Here and there throughout the book, the author discusses aesthetic considerations as well as mathematical ones; he devotes an entire paragraph on page 76, for example, to describing in purely artistic terms why the aesthetics of a certain image please him. So somebody reading this book is likely to learn something about art as well as mathematics.

The preface to this book identifies three groups of people as target audiences for it: working mathematicians, advanced undergraduates, and the less experienced “mathematical adventurers”. I agree without hesitation that people in the first two groups have much to gain by looking at this book. People in either of these two groups will see a lot of the mathematics they have previously learned put to surprising and interesting uses, thereby making this book an interesting choice as a text for some sort of senior seminar or capstone course. The author has certainly written the book so as to be accessible to advanced undergraduates, and *a fortiori* to professional mathematicians. The writing is generally quite clear and rather refreshingly personal; sentences like “But then I found myself staring at apparent local mirror symmetries…” appear throughout the book. Farris frequently writes as though he is talking to a friend or colleague, and describes in first-person terms how he came upon some of the more interesting ideas described here; I found, and I suspect many other readers will too, that this makes for effective communication.

I am much less convinced, however, that this book will prove to be as useful for people in the third group. Of course, anybody can enjoy this book by just looking at and admiring the many pictures in it, but to really get something out of the discussion, I suspect that a fairly decent background in mathematics is necessary. There is a lot of serious mathematics in this book, and it is discussed seriously as well; there is not a lot of the usual vastly oversimplified discussions that one often finds in math-for-laypeople books. Terms are defined precisely, and also, to answer the perennial question asked by students everywhere: yes, there are proofs. There are also exercises, some of which call for proofs. (Solutions to some, but not all, are provided.) At a minimum, a reader should have an understanding of basic calculus, as well as a degree of mathematical maturity sufficient to allow him or her to read about more advanced concepts with some degree of comfort, and to apply ideas that he or she has just been exposed to.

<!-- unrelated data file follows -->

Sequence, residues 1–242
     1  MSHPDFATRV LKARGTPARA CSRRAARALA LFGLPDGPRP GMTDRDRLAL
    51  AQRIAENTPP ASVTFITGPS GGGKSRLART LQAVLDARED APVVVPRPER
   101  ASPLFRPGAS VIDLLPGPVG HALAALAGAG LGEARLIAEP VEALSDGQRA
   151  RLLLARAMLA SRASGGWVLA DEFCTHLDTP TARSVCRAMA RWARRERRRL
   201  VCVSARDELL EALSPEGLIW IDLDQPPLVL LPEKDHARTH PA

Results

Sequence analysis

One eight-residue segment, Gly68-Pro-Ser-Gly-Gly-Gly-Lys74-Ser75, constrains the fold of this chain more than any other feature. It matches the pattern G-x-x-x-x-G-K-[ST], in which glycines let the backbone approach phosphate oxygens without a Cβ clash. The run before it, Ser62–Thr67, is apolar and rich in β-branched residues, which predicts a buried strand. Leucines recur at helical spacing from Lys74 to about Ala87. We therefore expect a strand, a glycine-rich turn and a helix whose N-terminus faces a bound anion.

On some occasions, the author invites mathematical novices to simply skip some of the more technical passages and take some things on faith; at the beginning of chapter 5 on Fourier series, for example, the author states that any person who is willing to accept the basic idea that “every periodic curve in the plane can indeed be written as a superposition of waves, though infinitely many are required in general” can simply skip the entire chapter. There is, however, a limit to how much skipping a reader can do, and I should also note that some fairly nontrivial mathematics appears quite early in the book where it can’t be reasonably skipped: on the first two pages, for example, the author considers the situation where two quarters are placed on a table, one on top of another, and the top one rolls without slipping around the other; he asks for a parametrization of the curve formed by following the point that was originally at the bottom edge of the top circle. The solution (an epicycloid) involves some understanding of, and ability to deal with, vectors and trigonometry and would, I think, prove baffling, and perhaps frustrating, to many novices.

My belief that the author may be overly optimistic in his assessment of one segment of the potential audience for this book does not in any way detract from its quality. This is a thoughtful, innovative and interesting piece of work, discussing material that the author is obviously very enthusiastic about; such enthusiasm is, as is often the case, contagious. And even an old dog can learn some new tricks from it.

Mark Hunacek ([email protected]) teaches mathematics at Iowa State University.